The King And I


Reviewed by: Andrew Robertson

The King And I
"An astonishing piece of cinema."

The King And I is an astonishing piece, apparently originally conceived as a gallery installation but clearly and brilliantly evolving over time into an astonishing piece of cinema. Its subject is a legendary local, Edinburgh's New Town's Graham Croan Bee. Depicting a figure of almost classical import, the film uses a stretched aspect ratio and intermittent split screen and colour - perfectly painterly, probably denotable with some proper name that if you and I both were scholars of the same history of art would cause us both to nod and reminisce about some set of flowers recalled at some moment of leisure with a particular palette that class and circumstance had caused us both to consider, naturally, as beautiful - some shared understanding that we likely do not need because I have seen this film, once and a bit more, and you should.

Narrated by Fay Fife (of the Rezillos?) and inflected by poetry, talking of "the beautiful, in their fullness," self-reflexive to the extent that the film appears within itself, its subject watched, watching.

Winner of the first Hilton Earl Memorial Award at Glasgow's 2018 Short Film Festival, the consensus was with this winner the award was "off to a good start". Director Daniel Cook described the award as "a massive deal". Targeted at shorts made by those without access to conventional resource, the prize of £500 of equipment rental from sponsor Visual Impact is significant.

Catching up with Cook after the ceremony, Eye For Film was briefly able to ask about that striking aspect ratio, a topic that had come up in Q&A at previous screening. The environment in which Graham lives is so fascinating that the wider format allows for a more natural split screen, but original intent was for this to occupy a space other than cinemas. Over a year or more of filming the process became ever more performative, reaching a peak in the use of visual effects to add its subjects to the film of the same name, open shirt, bald head, and ostentation all. Cook's next project may well involve other communities, some shared personalities, but if he can bring even half of the focus and affect (and, indeed, affection) of this portrait it too will be a triumph.

That split screen, split focus - sequences given context by later viewing, even within the film - a lushness of colour and depth and willingness to drop names that starts with a Kyrie Eleison and works only a few rungs down that liturgical hierarchy, a pristine Sistine fullness, all of it tribute and testament to individual talent and a talented individual. Graham himself frequently asks "d'you understand?" and it's almost impossible to, not without context that even a short as long as half an hour and change can strive to provide, not without acknowledgements of bipolarity, of environment, of circumstance. Yet it's almost impossible not to - so compelling is the sense of place.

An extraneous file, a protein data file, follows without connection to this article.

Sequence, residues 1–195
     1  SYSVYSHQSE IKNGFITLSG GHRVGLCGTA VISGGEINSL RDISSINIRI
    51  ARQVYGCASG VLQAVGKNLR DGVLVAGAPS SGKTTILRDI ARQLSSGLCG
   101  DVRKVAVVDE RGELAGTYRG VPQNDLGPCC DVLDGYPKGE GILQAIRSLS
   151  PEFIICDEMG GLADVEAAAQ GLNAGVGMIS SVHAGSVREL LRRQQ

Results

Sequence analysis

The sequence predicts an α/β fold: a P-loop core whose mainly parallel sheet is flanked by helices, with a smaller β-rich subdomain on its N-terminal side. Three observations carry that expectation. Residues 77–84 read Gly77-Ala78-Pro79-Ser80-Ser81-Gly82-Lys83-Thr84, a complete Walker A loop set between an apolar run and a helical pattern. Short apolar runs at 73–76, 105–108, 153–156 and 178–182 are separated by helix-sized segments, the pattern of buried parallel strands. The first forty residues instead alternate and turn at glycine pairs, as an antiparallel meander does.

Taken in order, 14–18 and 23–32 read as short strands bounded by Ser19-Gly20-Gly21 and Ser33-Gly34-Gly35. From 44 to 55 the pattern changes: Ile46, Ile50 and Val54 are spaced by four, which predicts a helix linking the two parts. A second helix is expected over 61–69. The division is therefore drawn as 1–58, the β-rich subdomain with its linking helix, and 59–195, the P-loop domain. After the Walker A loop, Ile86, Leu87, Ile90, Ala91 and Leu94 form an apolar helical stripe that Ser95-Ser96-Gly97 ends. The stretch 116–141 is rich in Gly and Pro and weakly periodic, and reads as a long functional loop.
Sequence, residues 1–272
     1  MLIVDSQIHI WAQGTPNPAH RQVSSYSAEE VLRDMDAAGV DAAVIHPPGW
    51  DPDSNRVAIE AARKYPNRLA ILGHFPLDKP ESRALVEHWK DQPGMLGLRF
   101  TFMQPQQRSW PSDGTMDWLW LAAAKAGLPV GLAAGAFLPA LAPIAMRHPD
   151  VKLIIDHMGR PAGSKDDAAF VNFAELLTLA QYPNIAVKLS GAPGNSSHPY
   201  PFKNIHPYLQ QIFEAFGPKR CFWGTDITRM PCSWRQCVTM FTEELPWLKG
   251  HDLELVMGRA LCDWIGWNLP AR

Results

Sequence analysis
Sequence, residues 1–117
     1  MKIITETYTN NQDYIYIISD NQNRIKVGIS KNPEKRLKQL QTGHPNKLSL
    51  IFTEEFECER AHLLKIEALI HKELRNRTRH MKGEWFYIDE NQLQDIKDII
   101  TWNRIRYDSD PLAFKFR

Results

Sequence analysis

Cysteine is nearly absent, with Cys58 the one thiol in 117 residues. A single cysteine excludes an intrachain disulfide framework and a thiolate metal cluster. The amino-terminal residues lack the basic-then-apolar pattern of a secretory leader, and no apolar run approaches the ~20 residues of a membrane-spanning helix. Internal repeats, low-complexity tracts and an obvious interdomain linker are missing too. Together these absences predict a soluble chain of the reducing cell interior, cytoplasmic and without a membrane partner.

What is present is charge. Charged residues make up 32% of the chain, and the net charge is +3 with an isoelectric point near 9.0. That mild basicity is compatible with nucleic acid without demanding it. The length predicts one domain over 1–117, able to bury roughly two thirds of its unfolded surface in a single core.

There was a single shot that was and was not a split screen, the red and slightly less in focus red of one side contrast to the not quite black of shadow on the other, and into this emerging subject, like realism injected into Rothko. It's one of many that feel less like photography than painting, or when they do feel like bare chemical capture of light do so performatively, ostentatiously, not snapped but breaking, vogue, not vague. There are other shots where subject and environment are differently depicted, life and traces of life simultaneous, parallel. It's a triumph, a treat.

One can talk about a year of three popes, see a plate carrying more than three eggs, the contrast of foo dogs and parfum, of mostly empty lager glasses in the snow, of dressing gowns and abandoned cakes, of colour and tone recalling prestige shoots for Vanity Fair, of an absence of bonfire, vain or otherwise, of the odd additional note of Fergus Cook's music, of structure that looks, of an avalanche of import and elision and reference and certain stones and registers that craft a particularly Edinburgian Umberto Eco chamber, of Melvyn Bragg and take-aways, of Teutons and Saigons, of spaghetti in the style of the pope, two shades of cardinal red.

Cook's next project might take him further north, might take him as long - this was certainly a worthy award winner, and we can only look forward to what he might do next. In this intermittent diptych something almost holy is achieved - consideration of the self in other contexts. Graham himself is art and artist, appreciator of art, part participant, and in whole and in place we are in Cook's film given a sense. There's something glorious in its not quite circularity, in its self-reflexivity, in reflection and abstraction. Bohemian may have negative connotations, but iconic carries proper weight. Art can represent in ways greater than mere representation, and this film does just that - the King And I creates something wonderful.

Reviewed on: 19 Mar 2018
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A fly-on-the-wall view of Graham's life and home.

Director: Daniel Cook

Starring: Graham Croan Bee

Year: 2017

Runtime: 32 minutes

Country: UK


GSFF 2018

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